I have two new favourite websites this autumn: Flickr’s Creative Commons search page and Wikimedia Commons. They are both great sources of pictures that are free for anyone to use for pretty much any purpose. It’s the secret sauce that keeps my students from falling asleep.
My teaching responsibilities have changed a bit this time. When I was teaching in my first year as a PhD candidate, it was mostly as a seminar leader for first year students in environmental studies. I don’t teach as much now (thankfully—two early mornings in Norrköping every week was exhausting!), but I have some more variety. Since September I have been teaching in four different courses, and a combination of lectures and seminars.
Three of those courses are within the Science for Sustainable Development master’s program that I started five years ago. Life has really come full circle! I gave lectures in two first year courses and one of the second year electives, which I took when it was a brand new course. In these courses, I have given lectures on three topics. The first was about the concept of infrastructure, based on two journal articles: how the infrastructure behind biodiversity databases can affect which species are protected, and how Panama Canal’s infrastructure includes not just concrete and locks, but also watershed management plans that affect farming practices. Later in the term, I also gave a lecture about energy security and one about smart cities. It was a lot easier to prepare a lecture about my own research than a more general topic.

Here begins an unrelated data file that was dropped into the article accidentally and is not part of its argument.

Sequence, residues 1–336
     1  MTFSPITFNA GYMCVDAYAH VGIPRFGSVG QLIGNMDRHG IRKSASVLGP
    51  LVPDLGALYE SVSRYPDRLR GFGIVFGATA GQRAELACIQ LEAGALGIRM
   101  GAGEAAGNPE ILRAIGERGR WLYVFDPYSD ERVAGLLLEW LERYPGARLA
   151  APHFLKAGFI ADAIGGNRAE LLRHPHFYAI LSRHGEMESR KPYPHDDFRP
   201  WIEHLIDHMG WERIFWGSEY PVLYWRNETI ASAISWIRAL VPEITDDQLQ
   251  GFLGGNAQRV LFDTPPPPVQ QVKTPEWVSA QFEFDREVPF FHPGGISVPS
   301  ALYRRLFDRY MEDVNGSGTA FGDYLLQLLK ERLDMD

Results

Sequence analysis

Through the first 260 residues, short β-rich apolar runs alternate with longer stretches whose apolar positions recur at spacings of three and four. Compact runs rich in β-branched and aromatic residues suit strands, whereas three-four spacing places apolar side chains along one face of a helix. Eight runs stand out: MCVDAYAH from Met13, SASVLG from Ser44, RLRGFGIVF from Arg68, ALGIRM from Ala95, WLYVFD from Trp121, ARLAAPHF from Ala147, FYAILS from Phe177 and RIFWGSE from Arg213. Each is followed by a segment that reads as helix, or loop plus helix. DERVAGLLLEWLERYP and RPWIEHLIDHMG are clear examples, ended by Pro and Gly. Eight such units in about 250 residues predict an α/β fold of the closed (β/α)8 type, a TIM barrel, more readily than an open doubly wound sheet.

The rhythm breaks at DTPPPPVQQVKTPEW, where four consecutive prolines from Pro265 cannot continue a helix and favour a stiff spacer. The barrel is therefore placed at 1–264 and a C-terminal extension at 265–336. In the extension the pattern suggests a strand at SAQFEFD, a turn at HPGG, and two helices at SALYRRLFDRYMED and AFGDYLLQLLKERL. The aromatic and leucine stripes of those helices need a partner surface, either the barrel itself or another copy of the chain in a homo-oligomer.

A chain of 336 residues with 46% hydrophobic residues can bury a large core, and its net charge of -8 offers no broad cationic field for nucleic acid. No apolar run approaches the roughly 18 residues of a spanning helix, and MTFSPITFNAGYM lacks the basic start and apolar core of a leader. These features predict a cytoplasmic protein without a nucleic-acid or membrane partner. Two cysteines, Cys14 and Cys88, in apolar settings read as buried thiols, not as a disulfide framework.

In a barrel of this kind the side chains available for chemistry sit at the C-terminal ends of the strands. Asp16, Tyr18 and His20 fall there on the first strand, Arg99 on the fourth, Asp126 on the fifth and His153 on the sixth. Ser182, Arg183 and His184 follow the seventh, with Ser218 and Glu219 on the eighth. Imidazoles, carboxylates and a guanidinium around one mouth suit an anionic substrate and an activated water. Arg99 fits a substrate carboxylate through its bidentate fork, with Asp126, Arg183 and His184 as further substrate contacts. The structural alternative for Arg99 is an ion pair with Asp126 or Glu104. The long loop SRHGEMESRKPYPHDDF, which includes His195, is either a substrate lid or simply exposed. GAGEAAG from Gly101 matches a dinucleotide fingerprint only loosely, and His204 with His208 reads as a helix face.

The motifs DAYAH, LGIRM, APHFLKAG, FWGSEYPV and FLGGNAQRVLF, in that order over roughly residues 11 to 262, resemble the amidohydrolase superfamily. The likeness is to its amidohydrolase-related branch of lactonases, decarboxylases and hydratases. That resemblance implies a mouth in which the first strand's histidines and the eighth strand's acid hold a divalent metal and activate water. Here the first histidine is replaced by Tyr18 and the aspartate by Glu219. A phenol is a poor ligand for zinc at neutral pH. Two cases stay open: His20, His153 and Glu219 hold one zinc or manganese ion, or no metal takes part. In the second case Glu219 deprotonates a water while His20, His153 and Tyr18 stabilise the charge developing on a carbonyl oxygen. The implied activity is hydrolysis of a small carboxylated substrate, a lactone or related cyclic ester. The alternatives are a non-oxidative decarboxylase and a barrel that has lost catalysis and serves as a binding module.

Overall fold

My other teaching assignment was quite different. I was a seminar leader and graded course papers in a course called Technological Development from a Societal Perspective. It’s a mandatory course for first year students in logistics. It’s one of the very first courses they take, so it’s a lot of new experiences for the students: first time participating in a seminar, first time reading academic papers, and first time writing an essay. It was also new for me: the first time teaching students who are not studying what I used to study. It was good experience, and I hope that my future teaching career with include more courses outside of environmental science or technology studies.
As fun as teaching is, it takes a lot of time to prepare lectures. A lot of time finding just the right picture for each slide. So I’m happy to be done for the term. Now I can focus on writing my first article (challenging but fun) and transcribing my backlog of interviews (somewhere between boring and torturous). And I can look forward to next autumn, where I hope to teach most of the same courses and give better versions of the same lectures.